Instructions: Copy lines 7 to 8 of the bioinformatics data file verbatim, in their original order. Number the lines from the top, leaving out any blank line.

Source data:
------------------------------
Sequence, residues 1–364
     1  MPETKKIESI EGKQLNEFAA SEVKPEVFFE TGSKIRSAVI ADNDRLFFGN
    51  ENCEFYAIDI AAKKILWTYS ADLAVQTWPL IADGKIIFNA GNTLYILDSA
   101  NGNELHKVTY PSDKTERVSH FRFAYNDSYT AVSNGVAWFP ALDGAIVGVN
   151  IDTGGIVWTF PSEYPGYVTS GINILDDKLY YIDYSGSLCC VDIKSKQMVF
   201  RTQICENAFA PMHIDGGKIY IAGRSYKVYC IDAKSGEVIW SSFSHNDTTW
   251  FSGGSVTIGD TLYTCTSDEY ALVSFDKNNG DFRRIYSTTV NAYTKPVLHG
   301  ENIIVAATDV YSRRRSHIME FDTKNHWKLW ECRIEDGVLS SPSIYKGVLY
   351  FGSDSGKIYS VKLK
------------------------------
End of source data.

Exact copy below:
   251  FSGGSVTIGD TLYTCTSDEY ALVSFDKNNG DFRRIYSTTV NAYTKPVLHG
   301  ENIIVAATDV YSRRRSHIME FDTKNHWKLW ECRIEDGVLS SPSIYKGVLY